Article first published online: 17 FEB 2011
© 2011 Blackwell Publishing Ltd
Creativity and Innovation Management
Volume 20, Issue 1, pages 1–2, March 2011
How to Cite
Visscher, K., Fisscher, O. and de Weerd-Nederhof, P. (2011), Editorial. Creativity and Innovation Management, 20: 1–2. doi: 10.1111/j.1467-8691.2011.00594.x
- Issue published online: 17 FEB 2011
- Article first published online: 17 FEB 2011
This first issue of 2011 contains two regular articles and three articles based on papers presented at the EIASM-IPDMC conferences in Twente (2009) and Murcia (2010). The opening article is from the Murcia conference. Katja Hutter, Julia Hautz, Johann Füller, Julia Mueller and Kurt Matzler introduce the concept of ‘communitition’. Companies are increasingly using online design contests to foster the generation of creative solutions. Virtual platforms allow users both to competitively disclose their creative ideas to corporations and also to communicate, discuss and share their insights and experiences with like-minded peers. This article shows with rich data that contest communities and companies benefit from ‘communitition’, the simultaneous stimulation of co-operation and competition in an online design contest.
The second article is also based on a paper from the Murcia conference and concerns a highly related topic. Karsten Frey and Christian Lüthje investigate the antecedents and consequences of interaction quality in virtual end-user communities. Drawing on data collected through a web-based survey, this study explores the innovation activities of 127 virtual end-user communities. The findings confirm that interaction quality is positively related to the innovativeness of virtual communities. Concerning the antecedents of interaction quality, the authors show that trust is a key prerequisite to co-operative behaviour. The level of competition, however, only affects interaction quality if a high level of trust among members is present. Community managers need to create an environment that facilitates interaction among the members of innovation communities. Furthermore, they should ensure a minimum level of trust is established within the community before stimulating competition.
The third article, originally presented in Twente, presents research by Claudio Dell'Era, Tommaso Buganza, Camilla Fecchio and Roberto Verganti on the Language Brokering Process. The Language Brokering Process can enrich the dialectic between managers and designers and, consequently, it can improve both current and future innovation projects. This methodology elucidates the structure and process adopted by several designers and also illustrates an effective framework for communicating choices to managers. Results are presented from a student application of this methodology in the development of a new product-service system for Aquarius (a brand of the Coca-Cola Group) for two target demographics: ‘desperate housewives’ and ‘young adults’.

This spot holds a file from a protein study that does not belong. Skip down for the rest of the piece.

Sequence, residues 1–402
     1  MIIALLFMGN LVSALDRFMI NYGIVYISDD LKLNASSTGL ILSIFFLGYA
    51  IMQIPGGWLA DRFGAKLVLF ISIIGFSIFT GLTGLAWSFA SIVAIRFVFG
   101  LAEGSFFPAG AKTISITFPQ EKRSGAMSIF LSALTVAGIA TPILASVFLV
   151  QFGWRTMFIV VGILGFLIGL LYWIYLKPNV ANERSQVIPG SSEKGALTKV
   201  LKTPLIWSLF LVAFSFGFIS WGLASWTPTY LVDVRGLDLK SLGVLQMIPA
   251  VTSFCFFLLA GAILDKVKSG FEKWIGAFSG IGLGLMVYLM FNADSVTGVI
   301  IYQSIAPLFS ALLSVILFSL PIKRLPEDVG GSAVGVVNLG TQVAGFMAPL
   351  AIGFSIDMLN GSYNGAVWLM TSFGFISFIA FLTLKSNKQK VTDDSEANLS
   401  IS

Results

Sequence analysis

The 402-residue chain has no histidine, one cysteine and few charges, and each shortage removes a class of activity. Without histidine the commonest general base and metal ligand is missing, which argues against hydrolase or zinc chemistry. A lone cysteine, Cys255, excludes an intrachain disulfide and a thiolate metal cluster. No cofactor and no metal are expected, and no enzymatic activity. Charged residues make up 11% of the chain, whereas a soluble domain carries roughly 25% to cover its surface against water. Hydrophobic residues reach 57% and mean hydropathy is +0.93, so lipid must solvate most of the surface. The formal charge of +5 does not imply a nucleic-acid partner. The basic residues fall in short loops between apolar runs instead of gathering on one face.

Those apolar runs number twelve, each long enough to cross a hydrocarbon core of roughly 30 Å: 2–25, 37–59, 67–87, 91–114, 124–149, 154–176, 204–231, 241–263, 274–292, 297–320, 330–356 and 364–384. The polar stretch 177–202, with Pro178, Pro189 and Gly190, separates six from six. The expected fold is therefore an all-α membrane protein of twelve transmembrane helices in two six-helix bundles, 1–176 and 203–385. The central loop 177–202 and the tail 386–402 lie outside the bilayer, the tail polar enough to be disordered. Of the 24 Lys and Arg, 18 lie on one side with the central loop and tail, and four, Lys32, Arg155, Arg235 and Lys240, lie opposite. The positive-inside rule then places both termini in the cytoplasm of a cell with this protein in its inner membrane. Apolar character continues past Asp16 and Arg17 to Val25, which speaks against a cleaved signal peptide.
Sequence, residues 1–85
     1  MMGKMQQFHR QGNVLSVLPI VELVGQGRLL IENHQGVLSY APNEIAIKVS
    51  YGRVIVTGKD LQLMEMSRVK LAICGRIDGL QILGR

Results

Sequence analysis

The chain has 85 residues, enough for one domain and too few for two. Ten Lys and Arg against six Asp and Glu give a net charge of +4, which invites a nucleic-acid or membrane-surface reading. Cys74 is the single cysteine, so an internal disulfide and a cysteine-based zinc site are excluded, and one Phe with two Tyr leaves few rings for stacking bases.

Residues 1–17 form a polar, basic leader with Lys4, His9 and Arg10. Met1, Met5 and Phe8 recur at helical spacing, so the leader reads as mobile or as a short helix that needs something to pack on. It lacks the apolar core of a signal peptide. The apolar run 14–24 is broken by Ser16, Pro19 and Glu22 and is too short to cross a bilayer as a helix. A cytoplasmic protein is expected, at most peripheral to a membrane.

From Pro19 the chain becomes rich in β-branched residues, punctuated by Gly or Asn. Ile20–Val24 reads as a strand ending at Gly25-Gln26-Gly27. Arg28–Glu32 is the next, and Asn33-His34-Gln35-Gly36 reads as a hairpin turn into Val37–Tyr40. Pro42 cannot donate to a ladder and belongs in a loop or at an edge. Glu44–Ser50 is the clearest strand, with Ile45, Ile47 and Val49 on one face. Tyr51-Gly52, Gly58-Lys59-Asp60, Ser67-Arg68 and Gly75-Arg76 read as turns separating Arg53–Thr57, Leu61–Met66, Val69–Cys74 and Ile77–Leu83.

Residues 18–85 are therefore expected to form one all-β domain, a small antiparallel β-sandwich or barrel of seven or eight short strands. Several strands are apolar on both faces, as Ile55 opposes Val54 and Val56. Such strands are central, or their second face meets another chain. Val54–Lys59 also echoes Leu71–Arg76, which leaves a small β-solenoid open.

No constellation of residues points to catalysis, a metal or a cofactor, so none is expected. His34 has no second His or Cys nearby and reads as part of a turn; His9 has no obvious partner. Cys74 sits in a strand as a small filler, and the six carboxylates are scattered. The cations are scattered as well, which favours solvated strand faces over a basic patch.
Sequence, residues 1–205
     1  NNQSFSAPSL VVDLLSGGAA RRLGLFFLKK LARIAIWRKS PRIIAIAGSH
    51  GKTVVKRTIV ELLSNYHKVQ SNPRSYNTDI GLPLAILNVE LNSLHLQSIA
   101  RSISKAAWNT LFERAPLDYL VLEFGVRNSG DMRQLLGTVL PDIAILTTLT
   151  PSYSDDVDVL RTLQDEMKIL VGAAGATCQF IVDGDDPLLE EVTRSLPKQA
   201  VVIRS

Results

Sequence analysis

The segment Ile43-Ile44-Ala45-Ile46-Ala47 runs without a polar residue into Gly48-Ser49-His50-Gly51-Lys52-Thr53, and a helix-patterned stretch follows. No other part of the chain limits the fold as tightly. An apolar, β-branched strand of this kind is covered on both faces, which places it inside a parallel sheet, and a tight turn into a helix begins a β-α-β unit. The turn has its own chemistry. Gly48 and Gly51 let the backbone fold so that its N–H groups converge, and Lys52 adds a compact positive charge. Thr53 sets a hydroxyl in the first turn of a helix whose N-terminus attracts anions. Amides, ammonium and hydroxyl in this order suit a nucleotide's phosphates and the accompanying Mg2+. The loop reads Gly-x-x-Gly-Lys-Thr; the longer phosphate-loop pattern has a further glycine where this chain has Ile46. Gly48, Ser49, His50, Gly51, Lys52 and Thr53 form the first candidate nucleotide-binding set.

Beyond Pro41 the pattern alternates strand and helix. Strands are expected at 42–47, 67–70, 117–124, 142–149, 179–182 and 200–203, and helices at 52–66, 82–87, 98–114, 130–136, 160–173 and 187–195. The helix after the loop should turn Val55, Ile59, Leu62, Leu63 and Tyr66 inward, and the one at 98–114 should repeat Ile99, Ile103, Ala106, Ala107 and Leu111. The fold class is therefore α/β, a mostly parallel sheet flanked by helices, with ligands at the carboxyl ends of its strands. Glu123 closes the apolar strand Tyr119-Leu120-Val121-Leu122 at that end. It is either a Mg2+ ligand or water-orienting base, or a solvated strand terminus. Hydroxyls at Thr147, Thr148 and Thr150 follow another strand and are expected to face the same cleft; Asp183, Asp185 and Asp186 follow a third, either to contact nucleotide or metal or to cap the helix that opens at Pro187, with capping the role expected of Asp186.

The upcoming 18th EIASM International Product Development Management Conference will be held in Delft (5–7 June 2011) and will focus on innovation through design (see http://www.eiasm.org). We aim to publish outstanding papers from that conference in 2012.
In the fourth article, Sven Hemlin and Lisa Olsson present a study that examines how group leaders in academic and industrial research settings stimulate creativity. Using a modified version of the critical incident technique with 75 participants, the authors identify four kinds of creativity-stimulating leadership behaviours, related to providing expertise, group co-ordination, task assignments and group support.
In the final article, Pierre Desrochers and Samuli Leppälä bring together the discourses on creative cities and innovation management. They document how economically diversified cities provide a fertile environment for the discovery and development of new technological combinations. The study illustrates how a better understanding of the linkages between creativity and urban agglomerations would benefit from a multidisciplinary approach that studies both phenomena simultaneously.
The issue closes with a book review by Carmen Kobe of The Routledge Companion to Creativity, edited by our founding editors Tudor Rickards and Susan Moger together with editorial board member Mark Runco. This impressive collection of readings on creativity and innovation contains many worthwhile contributions by members of the CIM community!
As has become a tradition, in the editorial of each March issues we present to you the shortlist of papers nominated as best CIM paper of 2010. The five selected papers for the Tudor Rickards and Susan Moger CIM Best Paper Award 2010 are:
- • Björk, Jennie, Paolo Boccardelli & Mats Magnusson, Ideation Capabilities for Continuous Innovation, Volume 19, Issue 4.
- • Bullinger, Angelika C., Anne-Katrin Neyer, Matthias Rass & Kathrin M. Moeslein, Community-Based Innovation Contests: Where Competition Meets Cooperation, Volume 19, Issue 3.
- • Isaksen, Scott G. & Göran Ekvall, Managing for Innovation: The Two Faces of Tension in Creative Climates, Volume 19, Issue 2.
- • Jong, Jeroen de & Deanne den Hartog, Measuring Innovative Work Behaviour, Volume 19, Issue 1.
- • Kleinschmidt, Elko, Ulrike de Brentani & Søren Salomo, Information Processing and Firm-Internal Environment Contingencies: Performance Impact on Global New Product Development, Volume 19, Issue 3.
They will be available for free download from our website. The winning paper will also be announced on the website and in our June issue.